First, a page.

I’ve been emphasizing the value of a schedule, of a regular commitment to writing. One more quote to bolster that:
“How we spend our days is, of course, how we spend our lives. What we do with this hour, and that one, is what we are doing. A schedule defends from chaos and whim. It is a net for catching days.” — Annie Dillard, in The Writing Life
What’s my routine? After decades working as a lawyer in firms and courts, now that I’m pretty much writing fulltime, I still keep office hours. Ideally, I’m “on the page” — that is, writing or editing — by 8:30, sometimes 9:00. I work until just after noon, eat lunch, and tackle promotion and writing business, along with personal stuff, in the afternoons. When I’m researching, or pondering, scouting the world and my brain for the story, that can get thrown off. I don’t make appointments on Mondays unless absolutely necessary, so I can start the week focused and protect my time.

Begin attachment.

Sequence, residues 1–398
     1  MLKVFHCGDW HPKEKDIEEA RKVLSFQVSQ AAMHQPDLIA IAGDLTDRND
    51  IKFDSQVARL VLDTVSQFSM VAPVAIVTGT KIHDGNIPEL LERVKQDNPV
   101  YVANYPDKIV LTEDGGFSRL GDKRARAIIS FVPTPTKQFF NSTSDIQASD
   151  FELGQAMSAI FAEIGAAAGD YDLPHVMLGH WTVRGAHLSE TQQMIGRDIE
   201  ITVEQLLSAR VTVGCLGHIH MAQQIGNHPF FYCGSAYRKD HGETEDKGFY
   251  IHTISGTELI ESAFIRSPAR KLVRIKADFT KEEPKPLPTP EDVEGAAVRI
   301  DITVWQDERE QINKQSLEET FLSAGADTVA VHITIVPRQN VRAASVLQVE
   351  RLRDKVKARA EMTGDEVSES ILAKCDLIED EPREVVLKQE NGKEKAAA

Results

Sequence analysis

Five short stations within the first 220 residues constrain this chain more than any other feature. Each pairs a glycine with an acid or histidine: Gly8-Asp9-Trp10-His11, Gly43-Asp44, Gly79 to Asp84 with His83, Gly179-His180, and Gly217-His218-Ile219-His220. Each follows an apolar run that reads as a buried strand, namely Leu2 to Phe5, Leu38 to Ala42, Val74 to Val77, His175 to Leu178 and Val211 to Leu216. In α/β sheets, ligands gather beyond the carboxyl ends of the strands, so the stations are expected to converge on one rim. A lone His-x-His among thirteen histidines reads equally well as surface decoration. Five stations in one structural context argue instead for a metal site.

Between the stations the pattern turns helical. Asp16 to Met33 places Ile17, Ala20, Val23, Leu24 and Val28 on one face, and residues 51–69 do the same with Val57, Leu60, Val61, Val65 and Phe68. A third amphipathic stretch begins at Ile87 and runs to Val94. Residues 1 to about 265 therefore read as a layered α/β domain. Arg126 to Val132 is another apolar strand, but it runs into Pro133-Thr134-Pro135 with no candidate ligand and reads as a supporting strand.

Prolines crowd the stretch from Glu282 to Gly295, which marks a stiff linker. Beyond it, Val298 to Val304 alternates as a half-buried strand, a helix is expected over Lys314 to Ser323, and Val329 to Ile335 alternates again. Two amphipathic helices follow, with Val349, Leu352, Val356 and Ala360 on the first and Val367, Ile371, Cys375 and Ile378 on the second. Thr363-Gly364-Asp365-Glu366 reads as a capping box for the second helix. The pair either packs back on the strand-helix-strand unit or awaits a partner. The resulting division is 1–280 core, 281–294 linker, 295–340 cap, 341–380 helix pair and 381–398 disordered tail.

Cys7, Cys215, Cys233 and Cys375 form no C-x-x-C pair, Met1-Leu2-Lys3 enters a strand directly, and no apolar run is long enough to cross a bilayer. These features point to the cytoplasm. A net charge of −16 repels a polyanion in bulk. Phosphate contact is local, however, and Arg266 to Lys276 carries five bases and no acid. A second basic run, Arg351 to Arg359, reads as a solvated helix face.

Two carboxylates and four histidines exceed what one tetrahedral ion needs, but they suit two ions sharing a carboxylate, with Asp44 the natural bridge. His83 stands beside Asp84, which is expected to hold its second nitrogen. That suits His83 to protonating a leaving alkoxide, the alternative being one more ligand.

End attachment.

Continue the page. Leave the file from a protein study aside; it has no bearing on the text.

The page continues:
Your life is probably more complicated than mine, but think about your schedule, a routine you can create and keep. Protect it. Honor it, and your creative spirit will shine. I promise.
You’ve all heard me talk about intentional creativity and the importance of making a commitment to do the work, whatever your work is. It’s easy to start the year excited about our creative plans, but sometimes we need a little help making them become reality.
That’s where a creative routine comes in. As my writer pal Mark Hummel, who also writes as Mark Leichliter, says,
“The trick is to put writing first even if it isn’t literally the first thing you do, and if it’s not, then creating a ironclad routine to which you adhere . . . That can be to write an hour before bedtime or for half an hour in your car at lunch, a set number of pages produced while hiding out in your secretive place so that you can be undisturbed. Whatever it is, I am convinced that routine matters.”
Some people say you have to write every day. You don’t. It’s ideal, but life isn’t always like that. I wrote my first three manuscripts on Fridays, because that was the time I had. My muse, or creative voice, or subconscious, showed up and we did the work–because she knew I would be there, sitting in my office in the back bedroom of a little white stucco farmhouse at the foot of the Mission Mountains.